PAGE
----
10 Best Wireless Adapters | December 2016
- universal router compatibility
- works in usb 3 and usb 2 ports
- poor quality construction
|Rating||3.7 / 5.0|
- led connection indicator
- compact and durable
- periodically drops connections
|Rating||3.5 / 5.0|
- can handle streaming large files
- windows xp to windows 10 support
- supports antenna upgrades
|Rating||3.9 / 5.0|
- automatically installs drivers
- stable wireless connection
- conveniently compact size
|Rating||4.0 / 5.0|
- creates lag-free hd stream
- easy to set up with netgear genie
- perfect for online gamers
|Rating||4.7 / 5.0|
- windows ubuntu and mac compatible
- uses very little power
- includes a detailed user's manual
|Rating||4.7 / 5.0|
- boots up quickly
- intuitive software interface
- 5g band support
|Rating||4.5 / 5.0|
A Brief History Of Wi-Fi
Wi-Fi for home computer use wasn't released until 1997, but the technology was being used long before that. In 1971, ALOHAnet was able to connect the Hawaiian Islands through a UHF wireless packet network known as the ALOHA Protocol. Then, in the late 1980s, AT&T started integrating Wave LAN into cash register systems. Both of these technologies can be thought of as precursors to the Wi-Fi we known and love today.
As you can imagine, there were a lot of limitations and bugs in these earlier wireless systems and reception was often spotty. The signal carrying the waves of information would bounce off walls and other objects limiting its range and affecting the transfer of data.
In 1997, a committee which included engineers from Bell Labs, IEEE, and NCR agreed on an industry-wide standard for wireless communication. It included a 2 Mbps data transfer rate and the use of one of two broad-spectrum technologies: direct sequence transmission or frequency hopping. It was originally known as IEEE 802.11b Direct Sequence, and then renamed Wi-Fi in 1999 by the brand consultancy firm Interbrand Corporation.
Once a standard was in place for wireless local area networks (WLAN), engineers immediately began working on prototype equipment that complied with it. In 1999 the first routers for home use were released and sparked the Wi-Fi revolution, which quickly led to wireless internet capability in the majority of homes across America. Lucent developed the first Wi-Fi adapter for under $100 and then Apple, using the brand name AirPort, introduced integrated Wi-Fi capabilities in their iBook.
Less than 20 years from the initial release of Wi-Fi signaling, it has pervaded every day life in a way no one could have foreseen. Not only is it available in nearly every fast food restaurant, cafe, hotel, and bookstore, it is even available on many forms of transportation from trains and buses to planes and cruise ships. For many people under the age of 21, a world without Wi-Fi and instant access to information is beyond the limits of their imagination.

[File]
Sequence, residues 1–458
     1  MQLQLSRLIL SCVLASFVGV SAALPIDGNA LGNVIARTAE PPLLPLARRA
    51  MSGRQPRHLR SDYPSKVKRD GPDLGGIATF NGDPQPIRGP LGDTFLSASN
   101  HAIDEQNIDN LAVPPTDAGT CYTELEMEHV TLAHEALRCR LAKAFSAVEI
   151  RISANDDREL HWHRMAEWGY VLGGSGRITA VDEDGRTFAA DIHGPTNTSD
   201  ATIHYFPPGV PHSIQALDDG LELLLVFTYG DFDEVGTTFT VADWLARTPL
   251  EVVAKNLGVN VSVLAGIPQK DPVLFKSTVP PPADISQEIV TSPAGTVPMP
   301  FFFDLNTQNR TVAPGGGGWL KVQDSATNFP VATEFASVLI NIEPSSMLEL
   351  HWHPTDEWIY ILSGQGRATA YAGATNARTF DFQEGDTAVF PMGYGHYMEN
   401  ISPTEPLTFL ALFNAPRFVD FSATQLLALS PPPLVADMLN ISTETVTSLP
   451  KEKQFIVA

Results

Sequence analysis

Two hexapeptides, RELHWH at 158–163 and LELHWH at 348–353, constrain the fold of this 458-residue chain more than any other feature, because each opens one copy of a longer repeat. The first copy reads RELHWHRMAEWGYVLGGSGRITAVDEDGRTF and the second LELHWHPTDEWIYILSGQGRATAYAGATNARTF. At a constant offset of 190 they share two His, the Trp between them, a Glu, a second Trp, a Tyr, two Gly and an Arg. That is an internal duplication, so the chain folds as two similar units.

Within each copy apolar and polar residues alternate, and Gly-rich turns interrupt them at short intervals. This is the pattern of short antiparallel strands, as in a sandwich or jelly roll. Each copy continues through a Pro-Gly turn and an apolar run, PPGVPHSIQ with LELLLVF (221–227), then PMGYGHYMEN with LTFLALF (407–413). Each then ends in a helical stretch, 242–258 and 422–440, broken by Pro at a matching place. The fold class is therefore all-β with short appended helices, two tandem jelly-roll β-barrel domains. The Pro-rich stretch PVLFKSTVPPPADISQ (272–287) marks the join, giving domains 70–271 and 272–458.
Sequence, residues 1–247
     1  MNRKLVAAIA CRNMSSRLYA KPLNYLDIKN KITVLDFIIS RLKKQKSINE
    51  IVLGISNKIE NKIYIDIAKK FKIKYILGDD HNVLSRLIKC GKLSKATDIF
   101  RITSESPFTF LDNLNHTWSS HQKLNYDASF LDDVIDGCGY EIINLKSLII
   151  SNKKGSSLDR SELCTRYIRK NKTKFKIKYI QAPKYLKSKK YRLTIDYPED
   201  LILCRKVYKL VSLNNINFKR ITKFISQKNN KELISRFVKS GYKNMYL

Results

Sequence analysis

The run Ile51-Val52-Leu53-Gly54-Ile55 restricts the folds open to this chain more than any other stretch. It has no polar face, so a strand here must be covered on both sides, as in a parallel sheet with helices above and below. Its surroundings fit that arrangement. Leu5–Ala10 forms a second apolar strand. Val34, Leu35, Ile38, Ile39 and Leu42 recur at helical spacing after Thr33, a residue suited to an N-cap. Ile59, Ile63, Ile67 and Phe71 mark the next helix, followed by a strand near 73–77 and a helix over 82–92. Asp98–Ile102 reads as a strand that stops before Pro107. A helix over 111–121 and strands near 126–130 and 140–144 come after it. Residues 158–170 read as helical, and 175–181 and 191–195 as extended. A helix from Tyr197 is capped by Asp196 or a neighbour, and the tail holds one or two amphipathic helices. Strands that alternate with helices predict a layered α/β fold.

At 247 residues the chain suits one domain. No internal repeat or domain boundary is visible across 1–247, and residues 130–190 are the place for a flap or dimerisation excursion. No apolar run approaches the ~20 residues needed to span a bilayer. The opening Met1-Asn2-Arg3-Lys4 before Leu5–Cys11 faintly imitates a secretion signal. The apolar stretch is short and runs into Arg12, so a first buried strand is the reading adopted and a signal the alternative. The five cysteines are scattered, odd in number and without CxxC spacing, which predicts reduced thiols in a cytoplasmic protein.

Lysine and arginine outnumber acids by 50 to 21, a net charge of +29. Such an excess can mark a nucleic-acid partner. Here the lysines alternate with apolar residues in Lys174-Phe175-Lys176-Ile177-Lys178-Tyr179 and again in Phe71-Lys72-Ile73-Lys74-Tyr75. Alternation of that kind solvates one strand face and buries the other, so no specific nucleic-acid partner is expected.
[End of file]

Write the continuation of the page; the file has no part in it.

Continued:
How Wireless Adapters Work
When many people think of wireless adapters, they often think it is synonymous with an internet connection, but this isn't the case. Wireless adapters don't provide you with internet service, rather they can be used to connect a computer system that doesn't have an integrated wireless system with a router's Wi-Fi signal. The router receives its internet connection via a modem of some kind, most often cable or DSL these days.
Wireless adapters come in two distinct types: internal models and external models. External models either plug into a USB or Ethernet port, or they can be inserted into a memory card slot. Internal models fit into a PCI slot and will require you to take apart your computer case to install one.
For the average person, choosing an external USB or memory card style wireless adapter will be the best choice. It doesn't require you to open up your computer's case and it can quickly be switched from computer to computer as needed.
No matter which type you choose to use, they all work in the same manner. They first obtain a signal from your computer, which is then changed into a radio wave and transmitted via an external or internal antenna to your router. Wi-Fi adapters are capable of two-way transmission and also receive data from routers.
Benefits Of Using A Wireless Adapter
There are many benefits to using a wireless adapter, with the main one being that you won't need to physically connect a cable to your computer to access internet services. This gives you the true mobility when using a laptop or tablet that these devices were designed for. You will be able to go to most cafes or bookstores and connect to their free Wi-Fi signal and you won't have to worry about a short Ethernet cable limiting the locations you can work in your home or office.
If you have an older desktop or laptop model, it may not have come with an integrated wireless network interface controller. Using a wireless adapter allows you to upgrade your computer to work with Wi-Fi signals for a nominal fee instead of spending a lot of money to buy a new computer. If you purchase an external adapter, you won't even need to install any hardware inside of your computer case, so there is no chance of damaging your computer.
Another great thing about external wireless adapters is that they can be used on multiple computers. Just unplug it from one device and plug it into another, and in seconds you can be using Wi-Fi on another computer. You won't need to buy an additional adapter for each computer unless you need to be using them simultaneously. Most models available today work with both Mac and Windows operating systems too.